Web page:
Two Point Campus looks like a Sims-esque evolution of the hospital formula

Technology

After 3.5 million Two Point Hospital players and one big Two Point Campus leak, developer Two Point Studios is finally ready to talk more about its new project. Officially, this time. On the the morning after Microsoft’s naughty store listing slip-up, I sat down with Two Point studio director Gary Carr and senior animator Chris Knott for a quick tour of the game, and a chat about how things were going.

As previously leaked, Two Point Campus is a university-building simulation sandbox and, on the surface, it looks a clear follow-up in terms of presentation and gameplay to the studio’s hospital-set debut. But on further inspection I think it’s fair to say Campus also represents a clear evolution from its predecessor, based on what I’m told about the virtual students themselves. Instead of churning through patients (and their money) to get them released as quickly as possible, Campus is more about the student experience, and ensuring their happiness (and their money) across four in-game years.

Of course, there are the wacky treatment rooms – sorry, classrooms – plus oddball VIPs to manage and money to earn (“it’s still a business”, Carr reassures, “you’re just farming education rather than illness!”). But each location is meant to feel more uniquely yours, and each crop of students are designed to leave a lasting impression.

In Two Point Campus you’ll see students rock up and interact – learning, living and vomiting their way through a virtual university experience you control. Each in-game year (which currently lasts around 20 minutes) will conclude with a graduation ceremony for departing characters, and begin again with a new intake of freshers. Over time, you’ll build progressively more varied classes for the students to study, as well as all manner of, erm, cultural things to do. You’ll also build the actual buildings all this takes place in, landscaping and decorating outside for the first time. And you’ll have to balance overall student happiness, to ensure enough of them are smart (and sober) enough to graduate.

“It’s not just about their day life, it’s about their night life as well,” Carr says. “Clearly if you let them have too much fun, they’re not going to turn up for the day life. So you’ve got to strike that balance. You’re basically parenting your students through the game.”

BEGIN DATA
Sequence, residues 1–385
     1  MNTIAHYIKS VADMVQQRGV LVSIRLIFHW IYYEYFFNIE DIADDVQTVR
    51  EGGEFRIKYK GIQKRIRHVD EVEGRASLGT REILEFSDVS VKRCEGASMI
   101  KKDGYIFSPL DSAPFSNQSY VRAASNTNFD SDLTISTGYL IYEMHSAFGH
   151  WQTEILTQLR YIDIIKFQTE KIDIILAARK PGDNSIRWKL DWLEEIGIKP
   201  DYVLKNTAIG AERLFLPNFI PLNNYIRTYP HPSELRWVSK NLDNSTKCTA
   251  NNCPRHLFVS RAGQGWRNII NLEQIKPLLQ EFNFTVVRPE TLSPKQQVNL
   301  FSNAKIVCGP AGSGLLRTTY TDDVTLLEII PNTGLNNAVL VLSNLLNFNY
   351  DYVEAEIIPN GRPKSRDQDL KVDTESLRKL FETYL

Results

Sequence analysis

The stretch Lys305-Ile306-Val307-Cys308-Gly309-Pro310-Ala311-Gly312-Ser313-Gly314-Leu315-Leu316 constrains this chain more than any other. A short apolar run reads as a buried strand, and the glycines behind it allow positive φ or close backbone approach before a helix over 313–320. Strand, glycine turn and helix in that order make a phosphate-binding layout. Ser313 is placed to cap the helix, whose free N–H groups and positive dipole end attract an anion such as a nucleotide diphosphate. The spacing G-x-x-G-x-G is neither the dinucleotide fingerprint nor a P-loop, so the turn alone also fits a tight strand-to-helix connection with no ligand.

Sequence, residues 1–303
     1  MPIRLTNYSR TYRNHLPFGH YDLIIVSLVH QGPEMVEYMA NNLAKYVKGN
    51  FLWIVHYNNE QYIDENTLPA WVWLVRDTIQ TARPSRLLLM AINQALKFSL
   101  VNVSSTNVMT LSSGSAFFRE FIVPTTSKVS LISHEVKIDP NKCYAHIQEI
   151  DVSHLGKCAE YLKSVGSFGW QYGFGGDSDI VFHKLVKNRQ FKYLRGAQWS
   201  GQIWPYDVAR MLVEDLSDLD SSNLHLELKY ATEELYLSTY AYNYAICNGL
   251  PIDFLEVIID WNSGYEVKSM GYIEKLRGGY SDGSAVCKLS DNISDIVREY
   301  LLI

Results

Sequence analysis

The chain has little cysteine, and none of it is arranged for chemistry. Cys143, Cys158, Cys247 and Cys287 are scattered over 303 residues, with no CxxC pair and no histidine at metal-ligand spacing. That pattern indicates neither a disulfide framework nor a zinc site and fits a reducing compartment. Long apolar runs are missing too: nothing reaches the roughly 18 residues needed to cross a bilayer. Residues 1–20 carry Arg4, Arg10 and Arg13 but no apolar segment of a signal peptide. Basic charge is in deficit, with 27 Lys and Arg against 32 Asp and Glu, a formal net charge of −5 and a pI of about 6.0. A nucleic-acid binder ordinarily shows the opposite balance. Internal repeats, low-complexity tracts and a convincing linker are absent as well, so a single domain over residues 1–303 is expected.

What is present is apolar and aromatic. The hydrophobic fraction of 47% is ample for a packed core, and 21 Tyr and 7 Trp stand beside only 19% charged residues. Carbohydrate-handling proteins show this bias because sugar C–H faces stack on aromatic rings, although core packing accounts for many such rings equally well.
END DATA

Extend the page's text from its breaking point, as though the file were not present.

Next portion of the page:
Pupils will adhere to a variety of typical university stereotypes – geeks, goths, jocks, wizards, etc. – but also be shaped by the studio’s procedurally-generated personality system, which returns here from Two Point Hospital in a more prominent fashion. In that game, you really only saw staff interact and cause problems for each other. In Campus, students are also meant to be individual characters, who hopefully you’ll get to know as they potter through their four years of learning about their chosen subject and themselves.

“With Hospital, we had a limited amount of time with the people that came through your your worlds,” Carr says. “You bring people in, they’d be diagnosed, cured and then leave. With Campus, we’re letting you spend multiple academic years with the students so you get to really get to know them. Characters will be mixing together or making friend groups and even forming relationships with each other, and you’ll get to watch all of this happening in your campuses.

“You’ll have to be mindful, when you’re building your classes, how these characters are going to interact with each other. We’ve got students unions, for example, we’ve got clubs, societies, events. You can create gigs. You have got to make sure your students are happy, both academically and also in their extracurricular activities on campus as well. There’s all sorts of stuff that feeds off the back of that pastoral care and making sure you’ve got the right staff for them, that they’re getting the right tuition they need.”

There are staff too, of course, professors, teaching assistants, staff for the campus shops and janitors. As you might expect, there’s plenty to sweep up at university. “That’s what I’m doing at the moment,” Knott tells me. “I’m doing the students slipping over on fluids. That is what I’m currently working on.”

Two Point Studio is filled with veteran British development talent from Bullfrog and Lionhead so, as you’d expect, humour will again play a key role. Expect terrible puns – the “Knight School” level being a good example – and oversized Willy Wonka-esque machinery in classrooms where you’ll watch culinary students crank out oversized pizzas and cow pies. Influences include Animal House, Pitch Perfect, Grease and Harry Potter. The game will also slot neatly into the Two Point County world begun in Two Point Hospital, with recurring characters and running jokes for those keeping up.

Two Point Campus won’t launch until 2022 for PC, Nintendo Switch, PlayStation and Xbox consoles, but fans can expect to more of it a lot sooner. Carr and Knott say fans of the studio will be part of the game’s development via Games2Gether, the platform built by fellow British Sega studio Amplitude, to show off more of the game, gather feedback, and get schooled themselves.